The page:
There are potential conflicts in the area indeed. Some of them are called ‘frozen conflicts’.

However, so far, such conflicts did not prevent regional countries from cooperating in the energy field, except of Armenia. It is a common wish of all related sides to resolve this conflict; it means the conflict between Armenia and Azerbaijan; and also Armenia-Turkey.

All parties seem to be willing to bring these disputes to an end; and as a result Armenia should be included within the network of cooperation in energy policy. Armenia deserves to be part of these projects since a long time.

On one side, there is the Nabucco project, which we believe could play good a role in meeting the increasing energy demands of Europe. On the other hand, we also know that Armenia itself is also highly dependent on the import of energy resources. Therefore, we intent develop a cooperation scheme among Azerbaijan, Armenia, Georgia, Turkey and Russia for the benefit of all parties.

This is why in recent Russian – Georgian armed conflict Turkey introduced a regional cooperation initiative. Georgia needs some time to study this project while Russia, Armenia and Azerbaijan accepted it right away.

When the conditions in region improve, I think that this project, which was suggested by Turkish Prime Minister Recep Tayyip Erdoğan, will prove to speed up recovery and economic development of the region.

Such projects have proved to be efficient in South-East European region in the past years. So, we pay a lot more attention to cooperation than to confrontation. With the success of cooperation projects, even ‘frozen conflicts’ would lose their importance and we will turn into more understanding points than conflicts.

   

Is it possible to say that Turkey – due to its unique geographical location – is in some sort of way predestined to have some kind of multi-vector or ‘all azimuths’ foreign policy? How would you characterize foreign policy priorities of Turkey?

 

Indeed, it’s a very important question. Turkey’s geograp­hical location and its historical heritage give a lot of responsibility to any government, which comes to power in Turkey. Our main policy principles are “peace at home and peace in the world”. This policy could be achieved only, with zero or minimum conflicts in the region and also better cooperation in the Middle East, Caucasus and Europe. We are located in the so-called Eurasian region. We have very good relations with all of our neighbors. Beginning with Russia, going to the East, it means Georgia, Azerbaijan, Iran, Iraq and Syria; with all of them we maintain good-neighborly, close and balanced relations.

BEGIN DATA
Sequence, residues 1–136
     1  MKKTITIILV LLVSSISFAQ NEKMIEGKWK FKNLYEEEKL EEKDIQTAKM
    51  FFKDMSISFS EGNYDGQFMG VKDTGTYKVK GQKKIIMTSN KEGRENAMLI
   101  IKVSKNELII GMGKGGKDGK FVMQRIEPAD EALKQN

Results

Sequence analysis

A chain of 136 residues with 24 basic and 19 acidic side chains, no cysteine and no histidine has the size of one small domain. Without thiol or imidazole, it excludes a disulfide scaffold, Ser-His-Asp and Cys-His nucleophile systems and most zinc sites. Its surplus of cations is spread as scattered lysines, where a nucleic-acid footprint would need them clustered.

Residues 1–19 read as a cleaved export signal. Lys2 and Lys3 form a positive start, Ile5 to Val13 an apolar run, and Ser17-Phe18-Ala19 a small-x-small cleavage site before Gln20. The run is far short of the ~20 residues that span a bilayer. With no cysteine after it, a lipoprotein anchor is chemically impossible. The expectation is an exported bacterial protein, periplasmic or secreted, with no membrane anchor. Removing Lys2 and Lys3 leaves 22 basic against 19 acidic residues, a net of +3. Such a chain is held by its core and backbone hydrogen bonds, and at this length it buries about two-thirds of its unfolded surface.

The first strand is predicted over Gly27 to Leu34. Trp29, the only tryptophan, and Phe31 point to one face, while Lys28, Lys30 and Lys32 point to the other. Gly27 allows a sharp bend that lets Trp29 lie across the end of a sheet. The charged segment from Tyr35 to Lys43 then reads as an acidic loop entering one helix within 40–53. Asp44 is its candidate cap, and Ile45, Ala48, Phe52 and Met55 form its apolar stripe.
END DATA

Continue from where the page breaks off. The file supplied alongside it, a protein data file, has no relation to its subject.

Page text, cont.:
We also play a bridging role between Europe and Asia. If you look at Turkey from the Asian point of view, we are considered as a European country, but if you look at us from the European point of view, we are considered as an Asian country. So this is a delicate situation, but it gives us also a lot of flexibility as well as responsibility to maintain all these balanced relations, understanding, considering and respecting the interests of all parties.

  

What should NATO allies expect from Turkey vis-à-vis the Russia-Georgia conflict; especially in a sense of logistical support?

 

Well, first of all our aim should be to relieve Georgia of the aftermath of conflict. The reconstruction effort is desperately needed. A Donors Conference for Georgia was held last month in Brussels. We will undertake a real effort to foster reconstruction in Georgia with a view to remove the negative effects of the armed conflict.